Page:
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Table 1

Distribution of MRD values at day 30 and freedom from relapse (FFR) outcome

Results

Study population

The primary goal was to assess the clinical significance of MRD quantification at the end of induction therapy. Two hundred eighty-four children with B-lineage ALL fulfilled criteria for inclusion in this study. The median follow-up was 5.6 years and 5-year overall FFR was 0.80 (± .02; ± SE). Two children died in remission without relapse and were censored at date of death and 56 had relapsed by the time of analysis. No significant differences were observed between those included (n = 284) and not included (n = 146) in the end of induction MRD analysis for risk group (P = .36), WBC count group (P = .14), sex (P = .35), treatment group (P = .59), and age group (P = .0547). Since the P values for age group were close to the level for significance, we also looked at association between age combining the HR age categories compared with the SR ages, and the P value was then .46. Those included had lower 5-year FFR (80%) than those not included (88%) (P = .054). No significant differences were observed between the 81 patients with no informative marker and those for whom a marker was identified for risk group (P = .50), WBC count (P = .16), age group (P = .19), sex (P = .21), treatment group (P = .99), and FFR (P = .08).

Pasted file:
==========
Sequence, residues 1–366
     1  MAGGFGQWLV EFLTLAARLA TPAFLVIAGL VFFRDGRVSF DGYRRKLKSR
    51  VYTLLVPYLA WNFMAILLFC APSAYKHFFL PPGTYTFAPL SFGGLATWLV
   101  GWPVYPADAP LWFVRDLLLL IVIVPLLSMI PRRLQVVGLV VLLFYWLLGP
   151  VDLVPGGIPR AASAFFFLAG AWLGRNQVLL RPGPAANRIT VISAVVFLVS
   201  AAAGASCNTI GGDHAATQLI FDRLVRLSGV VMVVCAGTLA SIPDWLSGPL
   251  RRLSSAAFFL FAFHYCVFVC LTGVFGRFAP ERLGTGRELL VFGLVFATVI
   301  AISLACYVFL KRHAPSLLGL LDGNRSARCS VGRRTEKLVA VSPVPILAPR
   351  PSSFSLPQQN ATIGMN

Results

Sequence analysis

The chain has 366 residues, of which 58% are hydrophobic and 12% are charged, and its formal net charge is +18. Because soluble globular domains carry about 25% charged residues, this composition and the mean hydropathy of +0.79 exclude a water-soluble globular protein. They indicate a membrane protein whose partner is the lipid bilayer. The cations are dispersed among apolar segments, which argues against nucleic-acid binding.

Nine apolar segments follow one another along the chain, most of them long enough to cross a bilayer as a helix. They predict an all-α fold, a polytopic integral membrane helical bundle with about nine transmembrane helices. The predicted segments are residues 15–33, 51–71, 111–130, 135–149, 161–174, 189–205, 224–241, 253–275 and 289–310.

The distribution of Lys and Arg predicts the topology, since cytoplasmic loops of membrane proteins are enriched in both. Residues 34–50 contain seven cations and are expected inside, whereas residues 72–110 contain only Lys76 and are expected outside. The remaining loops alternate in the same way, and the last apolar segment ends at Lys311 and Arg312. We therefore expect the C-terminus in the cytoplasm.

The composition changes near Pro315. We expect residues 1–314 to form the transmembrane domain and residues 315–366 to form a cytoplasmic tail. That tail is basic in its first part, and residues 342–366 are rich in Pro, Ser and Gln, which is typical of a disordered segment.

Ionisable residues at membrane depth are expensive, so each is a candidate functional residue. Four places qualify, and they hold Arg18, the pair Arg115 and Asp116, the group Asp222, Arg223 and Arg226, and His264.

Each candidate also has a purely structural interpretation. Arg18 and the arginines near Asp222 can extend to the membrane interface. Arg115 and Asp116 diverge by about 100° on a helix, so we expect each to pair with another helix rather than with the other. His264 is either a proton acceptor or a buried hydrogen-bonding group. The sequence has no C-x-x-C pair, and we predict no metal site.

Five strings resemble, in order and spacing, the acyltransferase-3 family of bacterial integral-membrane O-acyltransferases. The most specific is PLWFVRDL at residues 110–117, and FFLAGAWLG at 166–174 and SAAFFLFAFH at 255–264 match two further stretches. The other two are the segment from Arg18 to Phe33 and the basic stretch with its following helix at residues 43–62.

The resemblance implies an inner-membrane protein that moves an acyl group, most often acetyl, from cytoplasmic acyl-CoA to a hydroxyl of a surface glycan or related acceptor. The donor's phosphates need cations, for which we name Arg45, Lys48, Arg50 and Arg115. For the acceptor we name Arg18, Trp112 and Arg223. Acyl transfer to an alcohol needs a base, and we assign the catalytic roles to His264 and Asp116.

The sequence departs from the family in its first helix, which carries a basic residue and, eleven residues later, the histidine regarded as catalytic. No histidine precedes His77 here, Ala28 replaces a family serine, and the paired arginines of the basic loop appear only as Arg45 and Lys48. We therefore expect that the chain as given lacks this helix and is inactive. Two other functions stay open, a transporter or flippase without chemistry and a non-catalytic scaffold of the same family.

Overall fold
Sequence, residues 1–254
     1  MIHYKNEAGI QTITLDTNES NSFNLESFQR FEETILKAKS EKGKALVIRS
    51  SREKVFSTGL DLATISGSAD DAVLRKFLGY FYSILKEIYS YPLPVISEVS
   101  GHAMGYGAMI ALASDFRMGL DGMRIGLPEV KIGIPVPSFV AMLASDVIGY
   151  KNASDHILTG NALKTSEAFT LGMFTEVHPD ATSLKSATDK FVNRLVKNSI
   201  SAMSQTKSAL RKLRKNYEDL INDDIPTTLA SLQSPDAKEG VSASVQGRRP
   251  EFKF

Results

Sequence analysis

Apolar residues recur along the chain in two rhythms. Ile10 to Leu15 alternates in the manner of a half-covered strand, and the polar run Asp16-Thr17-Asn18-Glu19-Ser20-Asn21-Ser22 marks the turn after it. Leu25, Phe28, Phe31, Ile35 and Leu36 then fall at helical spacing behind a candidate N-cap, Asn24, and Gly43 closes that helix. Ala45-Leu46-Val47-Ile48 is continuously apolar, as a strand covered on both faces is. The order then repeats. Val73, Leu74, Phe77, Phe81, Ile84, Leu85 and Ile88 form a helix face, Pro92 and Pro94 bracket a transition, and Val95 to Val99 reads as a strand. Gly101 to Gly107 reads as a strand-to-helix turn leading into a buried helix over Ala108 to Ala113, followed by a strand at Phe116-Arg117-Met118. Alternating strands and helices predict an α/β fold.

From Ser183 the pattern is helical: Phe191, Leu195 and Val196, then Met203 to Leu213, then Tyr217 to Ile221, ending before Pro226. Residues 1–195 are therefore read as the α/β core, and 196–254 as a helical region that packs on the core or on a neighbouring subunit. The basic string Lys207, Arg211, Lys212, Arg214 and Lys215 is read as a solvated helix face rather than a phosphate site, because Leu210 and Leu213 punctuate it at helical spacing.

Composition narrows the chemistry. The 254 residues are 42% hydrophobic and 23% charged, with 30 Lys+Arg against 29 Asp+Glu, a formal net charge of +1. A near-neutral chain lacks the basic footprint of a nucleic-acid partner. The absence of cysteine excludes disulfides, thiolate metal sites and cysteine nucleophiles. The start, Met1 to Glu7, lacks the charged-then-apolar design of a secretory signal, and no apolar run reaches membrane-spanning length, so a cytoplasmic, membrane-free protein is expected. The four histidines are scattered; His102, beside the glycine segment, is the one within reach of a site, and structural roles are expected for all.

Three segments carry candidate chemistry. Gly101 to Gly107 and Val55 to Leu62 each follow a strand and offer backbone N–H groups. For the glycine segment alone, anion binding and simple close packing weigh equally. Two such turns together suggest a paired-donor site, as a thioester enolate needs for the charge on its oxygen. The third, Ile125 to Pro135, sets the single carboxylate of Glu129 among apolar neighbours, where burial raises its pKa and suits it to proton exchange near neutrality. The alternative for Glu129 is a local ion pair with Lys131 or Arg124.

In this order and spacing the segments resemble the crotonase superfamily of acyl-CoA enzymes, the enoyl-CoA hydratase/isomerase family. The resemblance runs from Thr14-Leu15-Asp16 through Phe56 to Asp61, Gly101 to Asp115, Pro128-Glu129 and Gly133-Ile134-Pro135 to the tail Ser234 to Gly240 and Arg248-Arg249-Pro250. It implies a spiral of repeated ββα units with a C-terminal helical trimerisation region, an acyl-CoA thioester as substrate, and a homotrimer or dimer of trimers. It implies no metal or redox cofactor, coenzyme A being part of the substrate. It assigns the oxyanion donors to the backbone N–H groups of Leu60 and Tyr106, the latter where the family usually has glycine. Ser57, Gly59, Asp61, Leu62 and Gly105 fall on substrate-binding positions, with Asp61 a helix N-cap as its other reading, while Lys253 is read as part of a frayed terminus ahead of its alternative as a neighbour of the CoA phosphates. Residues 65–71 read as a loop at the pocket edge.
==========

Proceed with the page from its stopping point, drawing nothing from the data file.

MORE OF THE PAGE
MRD value at end of induction predicts relapse